Abercrombie & Fitch broke anti-discrimination laws when the retailer fired a Muslim worker for covering her head with a scarf as part of her religious practices, the Los Angeles Times reported
A San Francisco federal judge said the company wrongly fired Hani Khan from its San Mateo, Calif., store in 2010. Abercrombie had said Khan’s head scarf didn’t follow marketing policies the company had regarding the look of its employees.
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“Abercrombie only offers unsubstantiated opinion testimony of its own employees to support its claim of undue hardship,” said Judge Yvonne Gonzalez Rogers.
The company faces a liability trial this month, and Rogers said the jury could award punitive damages if jurors choose to do so.
“Abercrombie & Fitch does not discriminate based on religion and we grant religious accommodations when reasonable. It is our policy not to comment on pending litigation,” Abercrombie spokesman Bruce MacKenzie said.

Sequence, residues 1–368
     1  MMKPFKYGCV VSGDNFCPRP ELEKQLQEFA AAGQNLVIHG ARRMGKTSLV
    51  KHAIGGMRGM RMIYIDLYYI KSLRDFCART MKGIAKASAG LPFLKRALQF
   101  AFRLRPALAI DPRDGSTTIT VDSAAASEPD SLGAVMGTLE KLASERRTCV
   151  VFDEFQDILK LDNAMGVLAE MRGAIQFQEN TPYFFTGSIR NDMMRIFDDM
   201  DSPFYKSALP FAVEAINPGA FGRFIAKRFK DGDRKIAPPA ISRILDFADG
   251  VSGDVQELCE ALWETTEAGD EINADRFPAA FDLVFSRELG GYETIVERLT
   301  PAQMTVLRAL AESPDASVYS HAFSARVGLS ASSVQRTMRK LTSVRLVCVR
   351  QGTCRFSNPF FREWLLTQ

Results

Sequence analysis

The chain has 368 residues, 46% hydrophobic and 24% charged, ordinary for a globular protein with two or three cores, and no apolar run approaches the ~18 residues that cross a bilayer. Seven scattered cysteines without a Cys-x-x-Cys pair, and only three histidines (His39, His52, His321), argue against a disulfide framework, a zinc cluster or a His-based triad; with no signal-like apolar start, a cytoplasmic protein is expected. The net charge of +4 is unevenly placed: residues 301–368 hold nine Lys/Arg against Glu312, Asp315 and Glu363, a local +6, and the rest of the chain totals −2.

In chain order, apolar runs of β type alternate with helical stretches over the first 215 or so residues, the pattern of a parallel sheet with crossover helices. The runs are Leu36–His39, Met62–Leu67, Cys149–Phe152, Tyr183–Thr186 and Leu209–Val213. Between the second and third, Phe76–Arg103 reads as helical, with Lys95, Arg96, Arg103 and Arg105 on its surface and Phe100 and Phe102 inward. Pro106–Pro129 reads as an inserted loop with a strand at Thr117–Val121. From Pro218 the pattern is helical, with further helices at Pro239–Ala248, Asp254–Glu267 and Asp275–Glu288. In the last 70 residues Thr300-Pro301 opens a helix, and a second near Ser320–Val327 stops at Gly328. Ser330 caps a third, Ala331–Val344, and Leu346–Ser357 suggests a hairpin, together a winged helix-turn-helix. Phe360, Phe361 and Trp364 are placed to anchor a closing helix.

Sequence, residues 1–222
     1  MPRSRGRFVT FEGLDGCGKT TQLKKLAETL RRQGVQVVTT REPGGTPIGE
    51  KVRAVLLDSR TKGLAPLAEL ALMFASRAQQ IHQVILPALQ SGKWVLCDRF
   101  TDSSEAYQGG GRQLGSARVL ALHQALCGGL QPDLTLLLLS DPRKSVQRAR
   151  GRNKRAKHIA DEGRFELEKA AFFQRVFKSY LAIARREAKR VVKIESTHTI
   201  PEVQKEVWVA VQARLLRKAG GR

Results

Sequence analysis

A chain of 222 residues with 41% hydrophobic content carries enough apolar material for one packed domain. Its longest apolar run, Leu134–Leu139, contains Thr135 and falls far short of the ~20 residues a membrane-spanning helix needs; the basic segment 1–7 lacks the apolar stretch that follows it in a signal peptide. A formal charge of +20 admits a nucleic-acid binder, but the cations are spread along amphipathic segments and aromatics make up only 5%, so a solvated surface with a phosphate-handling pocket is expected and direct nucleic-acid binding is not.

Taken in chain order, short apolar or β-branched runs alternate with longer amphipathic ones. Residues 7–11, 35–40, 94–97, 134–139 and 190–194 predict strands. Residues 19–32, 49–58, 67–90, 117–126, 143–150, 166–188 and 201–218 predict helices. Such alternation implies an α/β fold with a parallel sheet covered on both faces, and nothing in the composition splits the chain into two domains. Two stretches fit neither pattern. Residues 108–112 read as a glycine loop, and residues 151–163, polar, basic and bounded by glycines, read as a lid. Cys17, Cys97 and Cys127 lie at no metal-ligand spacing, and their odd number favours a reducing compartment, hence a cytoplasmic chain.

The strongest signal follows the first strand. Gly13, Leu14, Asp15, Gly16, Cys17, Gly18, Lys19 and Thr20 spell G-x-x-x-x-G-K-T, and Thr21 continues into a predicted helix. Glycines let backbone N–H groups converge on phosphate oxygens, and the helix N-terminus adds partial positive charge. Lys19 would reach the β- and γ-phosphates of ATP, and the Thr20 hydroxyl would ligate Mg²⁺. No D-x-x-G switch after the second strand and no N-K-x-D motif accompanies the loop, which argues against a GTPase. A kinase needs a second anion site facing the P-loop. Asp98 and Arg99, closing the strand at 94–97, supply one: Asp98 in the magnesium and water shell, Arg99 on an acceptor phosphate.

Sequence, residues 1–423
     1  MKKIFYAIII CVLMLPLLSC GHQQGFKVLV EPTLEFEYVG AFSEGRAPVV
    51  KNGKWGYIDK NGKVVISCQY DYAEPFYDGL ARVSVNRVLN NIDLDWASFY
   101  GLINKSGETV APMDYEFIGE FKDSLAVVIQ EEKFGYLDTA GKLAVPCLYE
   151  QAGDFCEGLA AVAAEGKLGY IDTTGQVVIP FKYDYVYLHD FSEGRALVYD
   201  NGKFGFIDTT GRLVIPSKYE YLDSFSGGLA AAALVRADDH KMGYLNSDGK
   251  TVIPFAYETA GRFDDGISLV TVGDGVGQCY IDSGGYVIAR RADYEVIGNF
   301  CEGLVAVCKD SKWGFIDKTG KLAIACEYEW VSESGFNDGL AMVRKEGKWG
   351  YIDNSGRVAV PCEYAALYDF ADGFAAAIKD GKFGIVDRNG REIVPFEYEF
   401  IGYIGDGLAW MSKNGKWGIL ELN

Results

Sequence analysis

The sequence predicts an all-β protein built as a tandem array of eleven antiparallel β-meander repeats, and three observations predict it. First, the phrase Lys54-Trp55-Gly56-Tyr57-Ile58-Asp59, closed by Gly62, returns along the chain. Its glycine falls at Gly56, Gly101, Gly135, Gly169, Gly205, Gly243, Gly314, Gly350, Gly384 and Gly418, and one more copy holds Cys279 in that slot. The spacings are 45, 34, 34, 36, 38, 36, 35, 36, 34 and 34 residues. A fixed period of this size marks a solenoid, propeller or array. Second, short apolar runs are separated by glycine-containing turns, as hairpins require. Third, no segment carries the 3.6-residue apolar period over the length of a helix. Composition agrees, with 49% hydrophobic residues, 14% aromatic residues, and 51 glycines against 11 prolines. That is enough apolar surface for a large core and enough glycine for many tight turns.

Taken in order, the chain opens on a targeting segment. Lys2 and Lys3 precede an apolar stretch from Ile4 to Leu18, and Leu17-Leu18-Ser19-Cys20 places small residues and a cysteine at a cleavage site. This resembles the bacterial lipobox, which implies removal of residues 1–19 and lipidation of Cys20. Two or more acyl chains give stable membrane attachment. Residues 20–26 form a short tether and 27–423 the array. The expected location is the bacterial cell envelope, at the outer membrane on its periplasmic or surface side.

The Phoenix Business Journal
reported Rogers’ ruling on religious attire could affect many employers' dress codes.
“Employers may be liable for religious discrimination if they fail to accommodate an employee’s religious beliefs unless they can prove that doing so creates an undue hardship on their business,” Marian Zapata-Rossa, a labor and employment attorney, said.
The U.S. Equal Opportunity Commission brought forth the lawsuit. It’s not the first time Abercrombie has been in court regarding discrimination. In 2004, one suit involving black, Latino and Asian employees was settled for $40 million.
The company has also taken a lot of heat over a 2006 interview with CEO Michael Jeffries, who said the company’s demographic is “cool kids” who are thin and beautiful. Jeffries later apologized for the comment, US Magazine reported
, and said it was taken out of context.
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